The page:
Approximate Walking Time: 5-9 hours
Day 3 includes climbing the 905 metre high Ironbound Ranges on the way to Little Deadman’s Bay, just over 12 kms away.
We started out early to avoid the heat if the weather served up a repeat of the previous day’s scorcher, but needn’t have worried as conditions were overcast and cool.
The walk to the foot of the Ironbounds is simple enough – starting in the forest by the river, then onto the open plains at the foot of the ranges.
The Ironbound Ranges is a fairly intimidating sight as you head up the steep steps – most of the 905 metre climb happens in just 5 kms.
That’s a decent incline by any measure.
There’s a couple of times on the initial climb where you look up and see a crazy steep part and think there’s no way that’s your track…..except when you get there and it is.
Surprisingly the steep parts look worse than they actually are and you’re up them before you know it.
Just when you think you’re at the top of the Ironbounds, another hill appears. And then another.
There’s a bit of up and down before you finally reach the top.
Then in the distance you see yet another big incline with a white path snaking it’s way upward and you think that mustn’t be your track.
It is – when you think you’re at the top, think again!
Boardwalk On Upper Parts Of The Ranges
Much of the upper climb is boardwalk, which make things a lot easier than they otherwise might be.
We found the Ironbounds not as difficult as the much smaller Red Point Hills from the previous day. There were 2 main reasons for this:
- the weather was much cooler, and
- less steps – it’s much easier to climb a natural path than stepping up steep steps.
At the top of the Ironbounds we were buffeted by incredibly strong winds.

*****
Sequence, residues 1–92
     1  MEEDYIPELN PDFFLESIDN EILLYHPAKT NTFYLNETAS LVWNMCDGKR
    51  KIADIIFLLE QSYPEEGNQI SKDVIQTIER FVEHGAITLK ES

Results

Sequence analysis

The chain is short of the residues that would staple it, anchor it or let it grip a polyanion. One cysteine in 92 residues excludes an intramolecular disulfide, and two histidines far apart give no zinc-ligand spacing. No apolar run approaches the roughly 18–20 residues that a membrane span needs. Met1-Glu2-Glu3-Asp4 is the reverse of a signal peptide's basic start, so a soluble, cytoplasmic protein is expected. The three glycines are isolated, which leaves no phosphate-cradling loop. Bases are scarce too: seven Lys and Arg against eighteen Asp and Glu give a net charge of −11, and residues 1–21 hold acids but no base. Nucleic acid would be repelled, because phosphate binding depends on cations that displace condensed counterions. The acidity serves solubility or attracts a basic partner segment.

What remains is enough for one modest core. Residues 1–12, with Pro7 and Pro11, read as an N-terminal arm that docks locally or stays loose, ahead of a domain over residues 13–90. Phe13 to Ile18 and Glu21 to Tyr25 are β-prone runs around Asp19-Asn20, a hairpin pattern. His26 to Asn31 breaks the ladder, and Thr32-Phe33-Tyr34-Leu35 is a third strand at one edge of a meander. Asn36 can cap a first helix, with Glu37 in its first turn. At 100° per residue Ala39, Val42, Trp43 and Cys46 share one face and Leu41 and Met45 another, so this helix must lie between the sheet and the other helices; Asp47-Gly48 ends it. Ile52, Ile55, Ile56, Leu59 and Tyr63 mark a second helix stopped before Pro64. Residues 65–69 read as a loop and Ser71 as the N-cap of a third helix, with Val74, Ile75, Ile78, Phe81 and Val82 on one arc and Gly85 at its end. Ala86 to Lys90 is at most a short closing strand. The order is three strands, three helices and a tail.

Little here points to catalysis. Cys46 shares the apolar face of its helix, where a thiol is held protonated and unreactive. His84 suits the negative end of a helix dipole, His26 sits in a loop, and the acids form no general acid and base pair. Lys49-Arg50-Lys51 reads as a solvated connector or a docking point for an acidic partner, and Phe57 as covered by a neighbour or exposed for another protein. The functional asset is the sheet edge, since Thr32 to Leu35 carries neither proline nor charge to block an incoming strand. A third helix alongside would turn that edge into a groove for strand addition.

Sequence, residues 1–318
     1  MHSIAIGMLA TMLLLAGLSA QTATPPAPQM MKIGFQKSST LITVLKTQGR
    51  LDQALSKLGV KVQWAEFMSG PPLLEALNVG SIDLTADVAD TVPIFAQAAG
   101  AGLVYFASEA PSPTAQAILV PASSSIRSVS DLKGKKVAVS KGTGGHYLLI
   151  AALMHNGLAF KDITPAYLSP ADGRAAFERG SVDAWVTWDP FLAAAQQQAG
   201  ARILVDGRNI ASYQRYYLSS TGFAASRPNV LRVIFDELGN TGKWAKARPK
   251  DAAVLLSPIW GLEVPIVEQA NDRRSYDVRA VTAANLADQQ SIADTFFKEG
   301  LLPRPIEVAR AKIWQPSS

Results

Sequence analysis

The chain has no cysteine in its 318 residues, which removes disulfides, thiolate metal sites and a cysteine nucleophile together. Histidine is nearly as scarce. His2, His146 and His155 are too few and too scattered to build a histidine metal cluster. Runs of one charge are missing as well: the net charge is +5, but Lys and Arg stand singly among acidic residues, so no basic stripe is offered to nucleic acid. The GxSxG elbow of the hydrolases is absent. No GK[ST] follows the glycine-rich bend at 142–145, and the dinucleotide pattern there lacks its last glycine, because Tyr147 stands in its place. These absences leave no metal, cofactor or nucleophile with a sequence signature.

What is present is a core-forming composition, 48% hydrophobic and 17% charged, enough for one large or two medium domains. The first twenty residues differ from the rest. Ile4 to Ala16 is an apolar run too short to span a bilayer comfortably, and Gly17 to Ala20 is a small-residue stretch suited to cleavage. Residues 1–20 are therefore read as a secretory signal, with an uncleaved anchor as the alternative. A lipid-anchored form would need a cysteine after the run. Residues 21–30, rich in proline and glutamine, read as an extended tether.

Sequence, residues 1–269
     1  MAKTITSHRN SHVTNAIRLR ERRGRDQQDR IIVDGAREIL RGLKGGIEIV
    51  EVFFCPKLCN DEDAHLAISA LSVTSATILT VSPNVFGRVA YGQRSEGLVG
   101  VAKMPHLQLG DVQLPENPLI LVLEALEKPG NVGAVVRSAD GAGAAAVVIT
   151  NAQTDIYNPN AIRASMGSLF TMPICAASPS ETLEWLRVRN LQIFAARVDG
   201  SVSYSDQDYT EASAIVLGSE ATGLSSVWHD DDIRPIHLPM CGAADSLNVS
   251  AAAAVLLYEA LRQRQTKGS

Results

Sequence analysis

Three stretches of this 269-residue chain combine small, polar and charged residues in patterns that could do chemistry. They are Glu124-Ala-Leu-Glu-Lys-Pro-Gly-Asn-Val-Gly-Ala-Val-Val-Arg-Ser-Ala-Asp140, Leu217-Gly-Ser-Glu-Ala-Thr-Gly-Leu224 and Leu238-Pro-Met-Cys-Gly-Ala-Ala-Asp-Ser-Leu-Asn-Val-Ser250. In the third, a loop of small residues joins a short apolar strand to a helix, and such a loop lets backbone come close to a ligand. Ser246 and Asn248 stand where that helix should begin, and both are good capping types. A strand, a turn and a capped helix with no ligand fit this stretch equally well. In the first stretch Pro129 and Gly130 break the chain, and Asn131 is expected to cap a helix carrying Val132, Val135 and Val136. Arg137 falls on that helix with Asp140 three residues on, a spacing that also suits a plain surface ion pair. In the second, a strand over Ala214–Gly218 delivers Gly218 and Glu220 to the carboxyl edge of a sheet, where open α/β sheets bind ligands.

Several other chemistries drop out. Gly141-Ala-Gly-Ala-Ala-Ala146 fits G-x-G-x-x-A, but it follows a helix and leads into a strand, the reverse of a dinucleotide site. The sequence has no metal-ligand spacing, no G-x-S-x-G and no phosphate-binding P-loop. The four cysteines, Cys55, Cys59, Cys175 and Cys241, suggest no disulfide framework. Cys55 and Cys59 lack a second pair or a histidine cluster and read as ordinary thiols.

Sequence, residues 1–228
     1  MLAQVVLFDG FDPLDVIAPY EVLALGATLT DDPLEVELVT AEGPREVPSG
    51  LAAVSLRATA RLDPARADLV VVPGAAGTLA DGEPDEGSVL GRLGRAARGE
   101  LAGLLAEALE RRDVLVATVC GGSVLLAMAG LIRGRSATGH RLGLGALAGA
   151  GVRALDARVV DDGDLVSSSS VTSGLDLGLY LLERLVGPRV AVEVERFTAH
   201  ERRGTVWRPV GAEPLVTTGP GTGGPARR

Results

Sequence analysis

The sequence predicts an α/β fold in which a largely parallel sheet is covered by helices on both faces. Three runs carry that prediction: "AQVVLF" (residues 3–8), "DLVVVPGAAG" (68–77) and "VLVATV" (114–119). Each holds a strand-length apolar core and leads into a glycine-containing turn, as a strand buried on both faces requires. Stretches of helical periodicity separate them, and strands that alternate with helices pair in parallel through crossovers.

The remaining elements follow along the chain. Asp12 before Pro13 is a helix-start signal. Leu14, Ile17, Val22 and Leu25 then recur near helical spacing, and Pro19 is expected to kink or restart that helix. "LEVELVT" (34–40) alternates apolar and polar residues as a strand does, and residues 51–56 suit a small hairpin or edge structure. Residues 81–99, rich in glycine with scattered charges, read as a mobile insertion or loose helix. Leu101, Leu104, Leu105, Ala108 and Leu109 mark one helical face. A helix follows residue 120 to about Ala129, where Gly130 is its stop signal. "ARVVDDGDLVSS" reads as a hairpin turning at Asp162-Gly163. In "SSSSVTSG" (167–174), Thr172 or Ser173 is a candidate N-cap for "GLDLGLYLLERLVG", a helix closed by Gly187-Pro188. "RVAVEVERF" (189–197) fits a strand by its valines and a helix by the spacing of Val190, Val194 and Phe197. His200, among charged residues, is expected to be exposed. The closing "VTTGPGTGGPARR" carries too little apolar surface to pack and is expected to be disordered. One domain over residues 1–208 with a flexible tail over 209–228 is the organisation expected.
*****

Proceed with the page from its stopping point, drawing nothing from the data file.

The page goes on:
Howling Wind Sounded Like A Jet Overhead
By strong winds I mean we actually looked above us because the noise of the wind sounded like a jet engine was a few metres above us.
Weedy Bloke From WA Flung Like A Rag Doll!
And Neil, 75 kgs with a 22 kg pack, was actually picked up and flung aside on a couple of occasions.
All 100 kg of me, with a 20 kg pack, was pushed by the wind sometimes 15 metres off the boardwalk.
Be A Boy Scout At The Top Of The Ranges
Be prepared for anything on the top of the ranges – we had a half decent day and it was still pretty treacherous.
A nice walk through along boardwalk and then covered forest takes you 1km down to Ironbound High Camp – a great spot for a rest, lunch and to refill the waterbottles at the sparkling creek.
From there it’s a 7 km or so walk down, down, down to Little Deadmans Bay.
The track is very rough, steep and wet in parts.
You’ll find yourself clambering over trees, sliding down rocks and getting down on your hands and knees to crawl under fallen trees.
As you hit the lower levels you’ll come to Ironbound Low Camp – a small campsite that our map told us was about 3.5 kms from Little Deadmans Bay.
3.5 Kms Feels Like 10 Kms
After a short rest here we headed off for Little Deadmans Bay – it seemed to take forever and be way longer than 3.5 kms.
It was an easy walk through light forest and across a freshwater creek before we came to the rather extensive campsite of Little Deadmans Bay.
The campsite is on the western side of a nice sized creek for fresh water. It includes a firepit and a sign telling you it’s one of the few places where you can have an open fire.
Difficulty Rating: Quite Hard
It was a long day of steep climbs and rough downhills, but the cooler weather meant it wasn’t as tough as the walk over the much smaller Red Point Hills.
If you do the Ironbounds in clear, hot weather then I suggest you start very early to avoid the sun as there’s no shade getting to the top.